Goldstein, H. Croup, Don't Forget the Bubbles, 2014. Available at:
It’s 2230 and Roberto, 2, is sitting in triage when, from across the department you hear a seal-bark cough. He becomes distressed and is quickly bundled into the resus bay by the worried triage staff. You hear a biphasic stridor and can see some intercostal recession. Roberto’s parents are worried and tearful.
- Croup is viral laryngotracheitis
- Consider the “Big Four” Differentials
- Keep everyone calm
- Assess the severity
- Give steroids early
- Think critically about your management
According to a US study, only 1 in 20 require admission to hospital (re-presentation rate ~1 in 20 of DEM discharges within 48hrs).
The most common cause of croup is Parainfluenza virus type 1 (PIV1), which peaks in infection rates every two years. Judging from the increased number of presentations so far this autumn, here in Australia, it’s a “croup year”. Sporadic cases of croup are often due to PIV3, which reportedly can be more severe.
- Tracheal narrowing at sub-glottic level
- Fixed obstruction
- Dynamic obstruction
The clinical presentation of croup has some hallmark features:
Additionally, you may identify:
- Presentation to hospital in the evening and at night
- Gradual onset 12-48 hrs
Features that are not consistent with croup:
- Toxic looking child
- Posturing to protect airway
- Sore throat
If you remember nothing else from this post, it’s to consider the differential diagnoses for croup. The big four:
- Acute epiglottitis
- Bacterial tracheitis
- Foreign body, inhaled or aspirated
- Allergic reaction / anaphylaxis
These can be life threatening. Consider them in every patient who is stridulous or has a barking cough.
- Peritonsillar & retropharyngeal abscess
- Upper airway injury
- Congenital upper airway anomalies
- Acute angioneurotic oedema
- Neck mass
- Laryngeal diphtheria
There are a few different scoring systems to ascertain the severity of croup. The Westley croup score was first described in 1978 for a trial comparing nebulized adrenaline vs saline for croup. The scoring system, shown below, heavily weights more ominous signs, and is more for the purpose of research than clinical usage.
Keep the child calm.
Keep the parents calm.
Mild / Moderate:
PO Dexamethasone or PO Prednisolone.
A period of observation.
Adrenaline, nebulised (5mL of 1:1000)
IM/IV Dexamethasone 0.6mg/kg (max 12mg)
Admit & observe
Adrenaline: It’s a no-brainer to use adrenaline in severe croup. The controversy is around the a) a threshold for nebulized adrenaline and, b) the use of multiple doses of nebulized adrenaline.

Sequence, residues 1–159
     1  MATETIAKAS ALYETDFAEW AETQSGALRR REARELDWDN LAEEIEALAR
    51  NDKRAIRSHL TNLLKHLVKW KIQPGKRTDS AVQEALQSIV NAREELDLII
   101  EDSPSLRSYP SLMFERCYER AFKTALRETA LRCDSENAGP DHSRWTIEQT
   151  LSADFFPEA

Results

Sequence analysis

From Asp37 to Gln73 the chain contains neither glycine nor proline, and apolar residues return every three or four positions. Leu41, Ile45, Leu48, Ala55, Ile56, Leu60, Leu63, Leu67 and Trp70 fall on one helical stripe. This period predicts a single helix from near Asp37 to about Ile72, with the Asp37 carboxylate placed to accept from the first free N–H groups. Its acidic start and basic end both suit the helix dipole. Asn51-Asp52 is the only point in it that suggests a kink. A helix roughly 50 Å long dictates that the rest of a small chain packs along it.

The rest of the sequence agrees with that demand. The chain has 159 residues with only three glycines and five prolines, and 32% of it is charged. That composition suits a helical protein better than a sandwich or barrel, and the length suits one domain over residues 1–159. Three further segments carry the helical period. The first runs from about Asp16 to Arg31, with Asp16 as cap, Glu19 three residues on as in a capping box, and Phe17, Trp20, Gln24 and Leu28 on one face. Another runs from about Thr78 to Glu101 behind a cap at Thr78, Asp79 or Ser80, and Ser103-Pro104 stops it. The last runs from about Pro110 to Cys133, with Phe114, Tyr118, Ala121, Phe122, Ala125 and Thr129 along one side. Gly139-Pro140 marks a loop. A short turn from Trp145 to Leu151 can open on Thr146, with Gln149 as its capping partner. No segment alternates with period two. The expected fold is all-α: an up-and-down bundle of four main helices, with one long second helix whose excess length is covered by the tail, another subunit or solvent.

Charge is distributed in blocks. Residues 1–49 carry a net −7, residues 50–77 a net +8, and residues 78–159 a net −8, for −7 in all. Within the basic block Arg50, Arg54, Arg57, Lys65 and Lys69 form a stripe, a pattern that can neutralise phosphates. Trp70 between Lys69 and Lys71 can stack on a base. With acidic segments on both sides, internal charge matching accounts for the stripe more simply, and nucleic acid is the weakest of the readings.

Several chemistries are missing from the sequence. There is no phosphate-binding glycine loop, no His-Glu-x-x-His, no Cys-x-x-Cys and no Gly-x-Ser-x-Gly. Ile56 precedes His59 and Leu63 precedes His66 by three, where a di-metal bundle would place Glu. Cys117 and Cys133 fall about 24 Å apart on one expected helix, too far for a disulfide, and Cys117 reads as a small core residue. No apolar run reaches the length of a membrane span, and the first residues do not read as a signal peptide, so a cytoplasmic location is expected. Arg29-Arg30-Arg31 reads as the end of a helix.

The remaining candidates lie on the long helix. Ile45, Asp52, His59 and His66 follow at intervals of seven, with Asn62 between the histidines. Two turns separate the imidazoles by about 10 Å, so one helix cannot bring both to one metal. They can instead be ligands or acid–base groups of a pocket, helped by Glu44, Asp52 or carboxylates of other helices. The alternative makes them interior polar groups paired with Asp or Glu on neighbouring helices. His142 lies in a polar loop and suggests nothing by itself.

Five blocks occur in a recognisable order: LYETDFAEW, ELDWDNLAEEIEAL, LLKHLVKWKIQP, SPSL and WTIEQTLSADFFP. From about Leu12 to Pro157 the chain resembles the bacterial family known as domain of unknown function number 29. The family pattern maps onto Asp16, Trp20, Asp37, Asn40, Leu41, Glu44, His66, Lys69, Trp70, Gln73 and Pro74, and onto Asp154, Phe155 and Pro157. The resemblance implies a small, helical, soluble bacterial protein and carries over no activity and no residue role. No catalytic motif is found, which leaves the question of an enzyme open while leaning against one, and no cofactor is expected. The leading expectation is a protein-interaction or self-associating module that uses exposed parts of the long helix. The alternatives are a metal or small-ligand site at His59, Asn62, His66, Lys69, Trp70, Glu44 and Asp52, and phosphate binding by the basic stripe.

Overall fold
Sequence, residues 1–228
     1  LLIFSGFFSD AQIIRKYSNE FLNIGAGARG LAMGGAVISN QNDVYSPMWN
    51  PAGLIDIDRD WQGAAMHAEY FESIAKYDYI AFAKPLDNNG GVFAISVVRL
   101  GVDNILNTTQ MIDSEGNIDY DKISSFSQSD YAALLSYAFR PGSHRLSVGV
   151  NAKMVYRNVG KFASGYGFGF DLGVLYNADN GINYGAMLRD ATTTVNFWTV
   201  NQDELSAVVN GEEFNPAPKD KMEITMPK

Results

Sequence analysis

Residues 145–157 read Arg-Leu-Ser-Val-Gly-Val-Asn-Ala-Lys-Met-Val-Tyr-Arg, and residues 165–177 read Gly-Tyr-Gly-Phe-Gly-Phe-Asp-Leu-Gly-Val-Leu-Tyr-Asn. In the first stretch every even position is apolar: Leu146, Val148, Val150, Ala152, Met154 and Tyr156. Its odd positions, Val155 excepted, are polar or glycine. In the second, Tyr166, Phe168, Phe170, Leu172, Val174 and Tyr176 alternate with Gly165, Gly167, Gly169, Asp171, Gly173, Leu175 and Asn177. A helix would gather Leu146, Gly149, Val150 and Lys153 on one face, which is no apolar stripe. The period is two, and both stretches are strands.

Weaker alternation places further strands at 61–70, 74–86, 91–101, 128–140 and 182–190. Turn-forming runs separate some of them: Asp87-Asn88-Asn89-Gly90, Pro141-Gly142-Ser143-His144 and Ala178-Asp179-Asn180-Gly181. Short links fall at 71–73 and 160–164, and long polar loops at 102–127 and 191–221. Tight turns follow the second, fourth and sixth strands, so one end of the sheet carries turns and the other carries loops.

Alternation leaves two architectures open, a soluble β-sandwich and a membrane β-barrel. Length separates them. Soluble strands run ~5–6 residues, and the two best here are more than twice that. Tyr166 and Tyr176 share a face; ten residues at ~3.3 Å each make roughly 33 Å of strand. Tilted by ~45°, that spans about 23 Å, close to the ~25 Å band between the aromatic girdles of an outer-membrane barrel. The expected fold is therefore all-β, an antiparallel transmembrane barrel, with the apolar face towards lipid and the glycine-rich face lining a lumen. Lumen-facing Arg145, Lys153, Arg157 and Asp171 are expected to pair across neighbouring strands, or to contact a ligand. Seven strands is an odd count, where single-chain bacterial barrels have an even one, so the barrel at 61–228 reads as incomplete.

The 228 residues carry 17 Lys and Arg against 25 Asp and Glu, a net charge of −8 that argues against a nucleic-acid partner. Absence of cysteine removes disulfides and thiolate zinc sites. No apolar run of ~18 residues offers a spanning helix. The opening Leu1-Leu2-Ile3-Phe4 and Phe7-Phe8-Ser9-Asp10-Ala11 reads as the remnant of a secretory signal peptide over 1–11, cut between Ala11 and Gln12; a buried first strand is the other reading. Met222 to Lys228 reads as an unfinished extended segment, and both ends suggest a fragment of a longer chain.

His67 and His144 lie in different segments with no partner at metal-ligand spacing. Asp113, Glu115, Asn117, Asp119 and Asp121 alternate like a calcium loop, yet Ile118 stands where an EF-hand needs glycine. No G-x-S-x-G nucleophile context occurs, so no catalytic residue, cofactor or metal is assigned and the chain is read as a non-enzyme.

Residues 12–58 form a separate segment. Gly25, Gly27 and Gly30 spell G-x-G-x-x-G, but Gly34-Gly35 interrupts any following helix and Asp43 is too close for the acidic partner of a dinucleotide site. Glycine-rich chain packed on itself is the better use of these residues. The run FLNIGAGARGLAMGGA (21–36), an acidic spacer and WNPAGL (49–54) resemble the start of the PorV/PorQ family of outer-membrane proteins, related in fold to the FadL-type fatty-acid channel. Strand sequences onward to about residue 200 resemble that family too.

The 2013 Cochrane Review states:
“Compared to no medication, inhaled epinephrine improved croup symptoms in children at 30 minutes following treatment (three studies, 94 children). This treatment effect disappeared two hours after treatment (one study, 20 children). However, children’s symptoms did not become worse than prior to treatment. No study measured adverse events.”
Indeed, Westley’s 1978 study had similar findings to this much more recent review.
Anecdotally, we tend to see a fair amount of adrenaline overuse, in lieu of keeping the child calm. Indeed, nebulised adrenaline can have the opposite effect; putting something on the child’s face, wrestling with them and giving the child a tachycardia (distress, not adrenaline). The ‘need’ for this treatment can also convey an overly worried demeanor to child & parents, further distressing everyone.
Steroids: Oral dexamethasone (and the dosage) vs oral prednisolone has been the topic of a number of studies in the last two decades, with regular publications in favour of either. Check your local guidelines and preferences, and give the steroids early. For what it’s worth, I lean towards dexamethasone – it’s longer acting and may just reduce the inflammation enough to account for a second night of symptoms. Again, we’d love you to comment below.
Once the initial airway compromise is managed with steroids, further sequelae are very rare.
Nonetheless, ~3 in 1000 cases require intubation, with
<0.5% mortality in intubated patients.
Kids should never be discharged with a stridor at rest!
Roberto settles down for the night in short stay, and can be hear breathing quietly when you check him through the night. He goes home after tucking into a large breakfast.
Cronin et al. Single dose oral dexamethasone versus multi-dose prednisolone in the treatment of acute exacerbations of asthma in children who attend the emergency department: study protocol for a randomized controlled trial. Trials 2012, 13:141
Bjornson C et al., Nebulised epinephrine for croup in children (Review), 2013. Cochrane Collaboration